The Folklore
Sarah Winchester never kept a journal, and had no manifesto to explain her reasonings for her odd design choices. Due to this, the legend of her and her California home has grown wildly over the years.

A common story has been that Sarah Winchester felt haunted by the men who’d died because of her late husband’s Winchester rifle. Advised by a medium, Sarah was convinced to “let the ghosts design her home,” performing regular séances which resulted in the rushed design plans. Others claim the designs were Sarah’s way of hiding from the ghosts, sleeping in a different one of her 40 bedrooms each night.

In 2018, the movie Winchester leaned heavily into this version of the story, creating a theatrical setting consisting of malevolent ghosts and a large, haunted house. In reality, the Winchester Mystery House seems to tell the story of a woman who went through a lot.

Sarah seemed to love gardening, with greenhouses built into her home. She was innovative, designing a complex communication system for her servants. When a safe was discovered (hidden behind two secure doors and within another larger strongbox) they found that the millionaire widow’s most prized possessions were her husband and daughter’s obituaries, and a lock of her daughter’s hair.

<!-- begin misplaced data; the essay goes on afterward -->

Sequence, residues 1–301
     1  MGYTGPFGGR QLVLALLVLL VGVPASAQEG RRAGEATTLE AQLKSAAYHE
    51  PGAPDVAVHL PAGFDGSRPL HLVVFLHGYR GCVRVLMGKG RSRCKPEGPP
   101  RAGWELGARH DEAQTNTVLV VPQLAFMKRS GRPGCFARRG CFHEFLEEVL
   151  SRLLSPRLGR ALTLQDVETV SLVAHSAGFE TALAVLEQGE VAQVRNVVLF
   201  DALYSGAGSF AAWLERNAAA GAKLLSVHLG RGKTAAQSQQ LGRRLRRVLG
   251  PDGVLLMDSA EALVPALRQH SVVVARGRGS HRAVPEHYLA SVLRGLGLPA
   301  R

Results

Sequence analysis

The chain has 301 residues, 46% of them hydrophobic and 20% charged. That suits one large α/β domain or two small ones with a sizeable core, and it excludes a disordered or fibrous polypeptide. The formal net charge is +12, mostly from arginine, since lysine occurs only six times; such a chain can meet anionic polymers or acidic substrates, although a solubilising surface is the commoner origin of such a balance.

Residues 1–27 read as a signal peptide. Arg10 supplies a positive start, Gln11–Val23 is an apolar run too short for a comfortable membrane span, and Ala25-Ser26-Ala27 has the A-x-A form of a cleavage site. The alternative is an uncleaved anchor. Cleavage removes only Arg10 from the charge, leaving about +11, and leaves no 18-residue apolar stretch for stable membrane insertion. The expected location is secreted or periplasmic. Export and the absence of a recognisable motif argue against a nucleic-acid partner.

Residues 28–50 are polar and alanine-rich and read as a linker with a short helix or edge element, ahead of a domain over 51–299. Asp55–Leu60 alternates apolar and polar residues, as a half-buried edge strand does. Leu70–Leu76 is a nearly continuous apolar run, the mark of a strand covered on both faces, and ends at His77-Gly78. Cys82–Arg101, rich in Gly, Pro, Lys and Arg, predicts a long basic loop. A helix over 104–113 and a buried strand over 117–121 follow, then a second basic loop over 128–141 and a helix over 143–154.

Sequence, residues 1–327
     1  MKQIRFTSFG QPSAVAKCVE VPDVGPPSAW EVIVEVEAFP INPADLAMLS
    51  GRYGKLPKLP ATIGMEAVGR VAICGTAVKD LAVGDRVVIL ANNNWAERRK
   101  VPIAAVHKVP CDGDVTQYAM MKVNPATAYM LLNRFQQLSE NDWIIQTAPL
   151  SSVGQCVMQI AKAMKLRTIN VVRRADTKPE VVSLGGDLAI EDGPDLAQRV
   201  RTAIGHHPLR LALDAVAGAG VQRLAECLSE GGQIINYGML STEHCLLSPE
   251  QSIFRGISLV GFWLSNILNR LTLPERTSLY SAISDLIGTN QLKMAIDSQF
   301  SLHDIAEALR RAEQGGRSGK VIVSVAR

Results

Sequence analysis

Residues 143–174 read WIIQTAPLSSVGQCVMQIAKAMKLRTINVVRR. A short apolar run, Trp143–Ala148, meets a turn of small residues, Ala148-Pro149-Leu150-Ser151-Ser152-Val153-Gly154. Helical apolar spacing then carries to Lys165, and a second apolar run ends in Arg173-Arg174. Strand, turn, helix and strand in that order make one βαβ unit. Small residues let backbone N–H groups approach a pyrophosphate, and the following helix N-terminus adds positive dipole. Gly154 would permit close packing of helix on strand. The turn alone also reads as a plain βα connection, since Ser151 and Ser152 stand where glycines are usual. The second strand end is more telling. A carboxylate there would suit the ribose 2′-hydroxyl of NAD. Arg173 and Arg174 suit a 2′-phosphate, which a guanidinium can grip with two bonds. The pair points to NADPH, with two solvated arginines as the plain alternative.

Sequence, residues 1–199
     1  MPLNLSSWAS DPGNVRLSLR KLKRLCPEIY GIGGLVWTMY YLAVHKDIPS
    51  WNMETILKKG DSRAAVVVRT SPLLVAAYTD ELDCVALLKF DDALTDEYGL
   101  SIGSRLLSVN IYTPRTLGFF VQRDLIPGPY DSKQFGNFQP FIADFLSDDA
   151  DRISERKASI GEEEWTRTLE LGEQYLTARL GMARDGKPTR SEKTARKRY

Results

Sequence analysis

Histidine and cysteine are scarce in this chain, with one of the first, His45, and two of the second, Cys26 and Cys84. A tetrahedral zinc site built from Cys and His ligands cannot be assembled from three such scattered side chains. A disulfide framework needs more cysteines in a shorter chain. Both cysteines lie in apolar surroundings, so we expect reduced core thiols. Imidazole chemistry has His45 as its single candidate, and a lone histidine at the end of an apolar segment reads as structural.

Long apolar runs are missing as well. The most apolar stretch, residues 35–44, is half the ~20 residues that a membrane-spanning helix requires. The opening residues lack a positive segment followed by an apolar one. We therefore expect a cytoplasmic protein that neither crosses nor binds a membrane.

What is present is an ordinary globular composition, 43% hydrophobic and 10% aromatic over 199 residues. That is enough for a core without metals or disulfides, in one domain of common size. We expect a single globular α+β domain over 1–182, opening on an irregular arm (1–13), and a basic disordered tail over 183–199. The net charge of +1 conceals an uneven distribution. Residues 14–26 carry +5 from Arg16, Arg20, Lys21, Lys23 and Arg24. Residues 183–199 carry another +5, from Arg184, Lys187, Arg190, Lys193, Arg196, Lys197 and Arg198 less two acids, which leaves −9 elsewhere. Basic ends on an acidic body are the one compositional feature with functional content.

The Winchester Mystery House is a uniquely beautiful work of architecture made by an extraordinary figure, and without Sarah to explain her purpose or reasoning for its peculiar features, the home will likely remain a mystery.

To book your visit, visit the Winchester Mystery House’s website, and for any spooky mansion inspections, find a skilled National Property Inspections expert near you